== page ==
I made more than my fair share of jokes about the quality of this movie before it came out. Heck, I even posted better trailers alongside the trailers for this movie on occasion.
So, why did I go see it?
Well, I went to see it for a couple reasons.
The first was morbid curiosity. Very morbid curiosity.
The second was, well, the site always needs new material. If Gabbing Geek is to be anything, it needs new and fresh material, and if we were a professional geek site, someone would have to view and review the movie. We aren’t a professional site, or if we are, no one told me (where’s my money, Ryan, in the event this is a pro site?), but we can pretend to be one and review an obvious geek movie.
And third, I do actually play World of Warcraft. I started again recently. I enjoy the game, so let’s see how the movie turned out. Especially since I wasn’t expecting much.
Not expecting much means I am less likely to be crushed if it isn’t good.
Well, let’s list the positive things for the movie:
- The CGI largely works. Yeah, there’s a real cartoonish look to the movie, but it matches the game. The orcs, the main orcs anyway, looked pretty good.
- The movie managed to recreate the look of the game world very well.
- Plenty of nods to game lore and with game easter eggs. Look! A murloc!
- The final twist at the end that causes the status quo between the newly formed Alliance and the invading Horde actually somewhat worked.
- Ben Foster, as human mage Medivh the Guardian, and Toby Kebbell, as orc chieftain Durotan, gave decent performances, Kebbell particularly as the orc protagonist. Neither was particularly noteworthy, but neither were terrible either.
- Was that Glenn Close in an unbilled cameo? Yes, it was.
- Fans of AMC’s Preacher series may get a kick out of Dominic Cooper and Ruth Negga, that show’s Jesse and Tulip, playing the King and Queen of Stormwind. Wikipedia tells me they’re actually dating.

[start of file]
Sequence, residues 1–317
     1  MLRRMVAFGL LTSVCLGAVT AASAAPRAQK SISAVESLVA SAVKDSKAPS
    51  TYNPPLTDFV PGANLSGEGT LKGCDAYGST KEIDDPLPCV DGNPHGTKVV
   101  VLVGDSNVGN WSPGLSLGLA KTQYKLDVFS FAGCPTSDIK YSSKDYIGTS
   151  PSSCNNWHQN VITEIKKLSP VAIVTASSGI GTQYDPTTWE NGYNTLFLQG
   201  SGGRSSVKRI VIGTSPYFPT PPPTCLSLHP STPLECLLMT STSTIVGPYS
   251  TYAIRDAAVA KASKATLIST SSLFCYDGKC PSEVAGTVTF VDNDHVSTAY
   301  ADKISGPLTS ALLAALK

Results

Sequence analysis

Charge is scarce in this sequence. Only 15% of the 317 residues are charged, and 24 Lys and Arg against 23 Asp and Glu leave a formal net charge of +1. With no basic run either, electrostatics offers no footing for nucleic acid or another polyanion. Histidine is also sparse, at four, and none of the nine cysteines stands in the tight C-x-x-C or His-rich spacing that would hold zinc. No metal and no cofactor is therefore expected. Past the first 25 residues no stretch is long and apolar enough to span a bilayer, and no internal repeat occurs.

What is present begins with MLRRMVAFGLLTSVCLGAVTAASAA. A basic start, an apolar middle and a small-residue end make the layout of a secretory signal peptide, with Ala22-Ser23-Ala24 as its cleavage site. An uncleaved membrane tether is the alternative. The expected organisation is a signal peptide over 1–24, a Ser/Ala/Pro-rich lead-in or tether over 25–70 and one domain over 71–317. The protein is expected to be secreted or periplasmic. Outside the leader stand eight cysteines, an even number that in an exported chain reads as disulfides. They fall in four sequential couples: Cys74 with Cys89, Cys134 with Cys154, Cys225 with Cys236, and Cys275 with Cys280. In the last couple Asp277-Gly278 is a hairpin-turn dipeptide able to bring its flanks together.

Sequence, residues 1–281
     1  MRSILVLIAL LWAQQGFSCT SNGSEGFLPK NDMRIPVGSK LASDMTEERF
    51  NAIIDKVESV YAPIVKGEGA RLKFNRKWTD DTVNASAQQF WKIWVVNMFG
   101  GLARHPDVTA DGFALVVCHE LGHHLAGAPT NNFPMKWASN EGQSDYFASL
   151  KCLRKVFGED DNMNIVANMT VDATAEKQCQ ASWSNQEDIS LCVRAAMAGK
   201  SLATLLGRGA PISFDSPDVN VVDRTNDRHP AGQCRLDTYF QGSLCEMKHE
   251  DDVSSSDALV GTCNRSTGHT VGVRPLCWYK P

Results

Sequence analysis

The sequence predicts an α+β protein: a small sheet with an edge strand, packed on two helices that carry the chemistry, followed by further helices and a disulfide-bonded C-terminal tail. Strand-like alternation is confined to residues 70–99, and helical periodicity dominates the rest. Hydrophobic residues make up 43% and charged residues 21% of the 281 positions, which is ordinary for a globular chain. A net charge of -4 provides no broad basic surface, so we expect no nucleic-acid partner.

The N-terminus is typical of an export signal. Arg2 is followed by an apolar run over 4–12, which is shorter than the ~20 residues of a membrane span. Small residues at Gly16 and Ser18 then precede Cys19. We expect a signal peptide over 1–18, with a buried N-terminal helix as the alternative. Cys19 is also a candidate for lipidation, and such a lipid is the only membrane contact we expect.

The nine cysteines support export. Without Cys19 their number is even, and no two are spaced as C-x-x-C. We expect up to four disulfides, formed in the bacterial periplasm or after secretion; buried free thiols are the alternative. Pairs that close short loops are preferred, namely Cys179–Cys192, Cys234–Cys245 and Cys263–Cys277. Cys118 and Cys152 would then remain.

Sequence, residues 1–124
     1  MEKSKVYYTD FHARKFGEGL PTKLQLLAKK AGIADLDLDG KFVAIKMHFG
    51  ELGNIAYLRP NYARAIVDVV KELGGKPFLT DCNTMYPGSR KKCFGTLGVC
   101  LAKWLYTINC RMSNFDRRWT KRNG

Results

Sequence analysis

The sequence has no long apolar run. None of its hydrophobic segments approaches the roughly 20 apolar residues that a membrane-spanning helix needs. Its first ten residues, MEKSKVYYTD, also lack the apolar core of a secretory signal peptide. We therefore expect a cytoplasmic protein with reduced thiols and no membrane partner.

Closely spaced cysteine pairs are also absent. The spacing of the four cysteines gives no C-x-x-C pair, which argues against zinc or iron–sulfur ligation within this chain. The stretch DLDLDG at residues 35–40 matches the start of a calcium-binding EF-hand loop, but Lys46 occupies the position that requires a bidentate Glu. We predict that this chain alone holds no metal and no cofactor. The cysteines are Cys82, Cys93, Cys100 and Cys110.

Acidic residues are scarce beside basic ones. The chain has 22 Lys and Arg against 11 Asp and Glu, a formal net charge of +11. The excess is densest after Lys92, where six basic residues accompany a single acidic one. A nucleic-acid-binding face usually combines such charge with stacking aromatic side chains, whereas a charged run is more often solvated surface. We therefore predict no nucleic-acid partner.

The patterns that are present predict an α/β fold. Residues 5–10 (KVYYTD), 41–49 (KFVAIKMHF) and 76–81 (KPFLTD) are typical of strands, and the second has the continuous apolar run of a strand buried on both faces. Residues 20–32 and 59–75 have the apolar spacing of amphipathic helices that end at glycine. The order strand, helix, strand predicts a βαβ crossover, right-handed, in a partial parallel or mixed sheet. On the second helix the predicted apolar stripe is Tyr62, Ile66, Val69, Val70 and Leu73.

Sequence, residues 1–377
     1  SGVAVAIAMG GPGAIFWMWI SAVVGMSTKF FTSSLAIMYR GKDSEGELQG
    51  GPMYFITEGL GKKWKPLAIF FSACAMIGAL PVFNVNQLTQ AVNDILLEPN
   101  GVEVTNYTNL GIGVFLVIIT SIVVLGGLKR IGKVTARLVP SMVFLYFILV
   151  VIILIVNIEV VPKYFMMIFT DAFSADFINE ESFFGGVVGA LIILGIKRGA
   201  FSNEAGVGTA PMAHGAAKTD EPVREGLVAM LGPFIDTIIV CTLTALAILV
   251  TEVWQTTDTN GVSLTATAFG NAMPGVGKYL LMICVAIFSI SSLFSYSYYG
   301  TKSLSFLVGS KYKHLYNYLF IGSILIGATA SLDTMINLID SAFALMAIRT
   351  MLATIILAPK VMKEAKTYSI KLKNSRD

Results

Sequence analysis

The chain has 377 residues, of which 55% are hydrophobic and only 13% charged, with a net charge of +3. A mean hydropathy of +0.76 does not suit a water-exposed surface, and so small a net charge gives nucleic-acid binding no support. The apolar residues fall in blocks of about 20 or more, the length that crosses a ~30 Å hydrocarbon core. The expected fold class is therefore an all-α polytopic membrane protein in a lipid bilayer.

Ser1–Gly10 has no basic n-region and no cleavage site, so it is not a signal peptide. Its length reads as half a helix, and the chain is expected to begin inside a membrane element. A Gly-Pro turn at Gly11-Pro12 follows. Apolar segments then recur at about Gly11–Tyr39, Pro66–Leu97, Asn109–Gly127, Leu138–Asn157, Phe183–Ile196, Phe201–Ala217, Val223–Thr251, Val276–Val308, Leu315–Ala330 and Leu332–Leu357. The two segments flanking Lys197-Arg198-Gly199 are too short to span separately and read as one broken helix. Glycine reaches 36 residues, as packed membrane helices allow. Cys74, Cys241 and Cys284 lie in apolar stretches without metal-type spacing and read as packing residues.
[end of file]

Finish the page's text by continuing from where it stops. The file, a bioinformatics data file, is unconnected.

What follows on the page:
So, that’s a lot of positives. Did I like the movie?
Look, Warcraft, both the game and the movie, isn’t really all that original. It borrows heavily from every fantasy setting you can think of, especially Tolkien’s Middle-Earth. I logged into the game to play a bit after the movie and what chat I saw about the movie there showed the game’s players liked it, but for the life of me, I can’t see someone who’s never played the game getting much out of it. The easter eggs were the sorts of things players would recognize, and while little was pertinent to the plot of the movie, the game lore was, and that lore meant characters or races that players would recognize would mean nothing to others. I’ve played the game so I got something out of it.
And, as it is, I didn’t get much. To the movie’s credit, someone realized that players can play either Alliance or Horde, so both sides have to have sympathetic characters as well as villains. But most of the characters were not particularly well-defined or interesting. Heck, many of the performances were dull to (in one prominent case) bad. I wouldn’t call the movie bad, as the visual razzle dazzle went a long way, but the movie wasn’t helped by a lack of compelling characters that I could come to care about, and that’s a problem. A sense of humor might have helped too, or at least one where the jokes actually worked.
So, let’s say the final movie gets six out of ten unexpected sheep.
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